Data from Samnordisk runtextdatabas

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Þorbjǫrn hornklofi (Þhorn)

9th century; volume 1; ed. R. D. Fulk;

3. Lausavísa (Lv) - 1

Little is known about the Norwegian Þorbjǫrn hornklofi ‘Horn-cleaver (?)’. Skáldatal (SnE 1848-87, III, 253, 261, 273) names him as a poet of Haraldr hárfagri ‘Fair-hair’ (r. c. 860-c. 932). Judging from Fsk (ÍF 29, 59), he seems to have spent his whole life at the court of this king. Þorbjǫrn is the composer of two poems about Haraldr, Glymdrápa (Þhorn Gldr) and Haraldskvæði (Þhorn Harkv). Skálda saga, an anecdote about skalds preserved in Hb, and hardly likely to be historical, depicts him as one of three skalds, the other two being Auðunn illskælda ‘Bad-poet’ and Ǫlvir hnúfa ‘Snub-nose (?)’, each of whom attempts a romantic encounter with the same rich widow and then bemoans his failure in a lausavísa (see Auðunn Lv 2, Þhorn Lv, Ǫlv Lv 2). The three skalds are also named in Egils saga (ÍF 2, 19) as Haraldr’s favourites. They occupy places of honour in his hall, with Þorbjǫrn between the other two.

In the prose sources Þorbjǫrn is predominantly referred to only by his nickname Hornklofi. To date there is no satisfying explanation of this word. It is attested in the Þulur as a raven-heiti (see Þul Hrafns 1/5III and Note), but it does not occur in that sense in the surviving body of skaldic poetry. Scholars have claimed that the nickname refers to Þorbjǫrn’s device, in Þhorn Harkv, of having a raven speak in his stead (SnE 1848-87, III, 408; ÍF 26, 101 n. 1). Fidjestøl (1991, 126) is, however, justified in doubting this interpretation. An alternative possibility would be to link the nickname to Egill Hfl 16/6-7V (Eg 49): en jǫfurr heldr lǫndum hornklofi ‘and the ruler holds his lands by a hornklof’. But hornklofi here must be the dative of neuter hornklof, whereas Þorbjǫrn’s nickname is a masculine n-stem, and unfortunately the meaning of this passage is obscure, though hornklof seems to be some kind of tool.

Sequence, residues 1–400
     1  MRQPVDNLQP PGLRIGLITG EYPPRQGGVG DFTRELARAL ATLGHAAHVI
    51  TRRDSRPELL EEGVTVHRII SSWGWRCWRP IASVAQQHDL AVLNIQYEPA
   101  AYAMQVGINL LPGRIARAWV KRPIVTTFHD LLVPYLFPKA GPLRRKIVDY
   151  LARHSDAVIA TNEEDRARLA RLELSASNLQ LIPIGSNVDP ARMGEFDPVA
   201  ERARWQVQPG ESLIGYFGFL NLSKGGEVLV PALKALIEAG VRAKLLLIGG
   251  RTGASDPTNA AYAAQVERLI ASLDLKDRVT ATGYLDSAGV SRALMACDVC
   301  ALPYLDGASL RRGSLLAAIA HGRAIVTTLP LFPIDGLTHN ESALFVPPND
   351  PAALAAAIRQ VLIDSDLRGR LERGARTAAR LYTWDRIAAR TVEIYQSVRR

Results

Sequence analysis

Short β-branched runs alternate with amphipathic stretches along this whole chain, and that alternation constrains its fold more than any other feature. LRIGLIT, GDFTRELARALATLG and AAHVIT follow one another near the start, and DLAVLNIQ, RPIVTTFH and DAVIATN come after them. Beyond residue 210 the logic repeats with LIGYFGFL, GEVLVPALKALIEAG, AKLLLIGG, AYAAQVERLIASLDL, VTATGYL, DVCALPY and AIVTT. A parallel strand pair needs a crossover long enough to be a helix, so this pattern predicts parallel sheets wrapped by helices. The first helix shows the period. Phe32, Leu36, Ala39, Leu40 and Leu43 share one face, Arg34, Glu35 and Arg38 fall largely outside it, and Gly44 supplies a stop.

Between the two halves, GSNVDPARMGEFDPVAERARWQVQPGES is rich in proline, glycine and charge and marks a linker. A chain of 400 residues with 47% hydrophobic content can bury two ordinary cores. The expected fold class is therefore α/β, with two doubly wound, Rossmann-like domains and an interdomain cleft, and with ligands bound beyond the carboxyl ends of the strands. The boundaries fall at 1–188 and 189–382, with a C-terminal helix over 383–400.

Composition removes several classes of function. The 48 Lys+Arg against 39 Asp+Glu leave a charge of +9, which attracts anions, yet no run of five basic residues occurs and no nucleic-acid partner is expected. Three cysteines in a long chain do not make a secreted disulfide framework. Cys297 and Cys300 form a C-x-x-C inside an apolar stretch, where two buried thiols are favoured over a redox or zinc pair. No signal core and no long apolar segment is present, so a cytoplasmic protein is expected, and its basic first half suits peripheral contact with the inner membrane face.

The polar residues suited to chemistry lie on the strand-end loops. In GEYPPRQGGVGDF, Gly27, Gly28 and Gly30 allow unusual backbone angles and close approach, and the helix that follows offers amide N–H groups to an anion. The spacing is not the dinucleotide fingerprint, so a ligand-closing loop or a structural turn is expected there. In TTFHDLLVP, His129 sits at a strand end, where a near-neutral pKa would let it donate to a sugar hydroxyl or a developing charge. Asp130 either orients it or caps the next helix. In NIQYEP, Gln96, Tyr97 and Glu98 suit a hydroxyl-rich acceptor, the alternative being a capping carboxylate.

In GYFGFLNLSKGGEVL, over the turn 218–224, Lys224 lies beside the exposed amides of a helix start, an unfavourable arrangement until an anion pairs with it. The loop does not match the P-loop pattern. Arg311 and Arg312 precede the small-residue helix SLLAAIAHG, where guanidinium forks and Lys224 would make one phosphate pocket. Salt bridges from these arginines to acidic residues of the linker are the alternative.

notes
my abbr.

Lausavísa — Þhorn LvI

Margaret Clunies Ross 2012, ‘(Introduction to) Þorbjǫrn hornklofi, Lausavísa’ in Diana Whaley (ed.), Poetry from the Kings’ Sagas 1: From Mythical Times to c. 1035. Skaldic Poetry of the Scandinavian Middle Ages 1. Turnhout: Brepols, p. 117.

stanzas:  1 

Skj: Þórbjǫrn hornklofi: 3. Lausavísa (AI, 29, BI, 26); stanzas (if different): [v]

in texts: Hb, Skáld

SkP info: I, 117

old edition introduction edition manuscripts transcriptions concordance references search files

 

1 Hildr of réð, þvís heldu
rngráts fyr mér *látri
(því emk lystr at lasta)
lestundir† (fǫr þessa).
Ok †liðbjúgrar leigrar
lét æva miksævar†;
eigi mun * við ekkju
austmanna fǫr sannask.
The Hildr <valkyrie> of Hǫrn’s <= Freyja’s> weeping [GOLD > WOMAN] arranged it in such a way that … withheld a bed from me; for that reason I am keen to criticize this journey. And … never made me …; the journey of the Easterners to the widow will not come to pass.
Runic data from Samnordisk runtextdatabas, Uppsala universitet, unless otherwise stated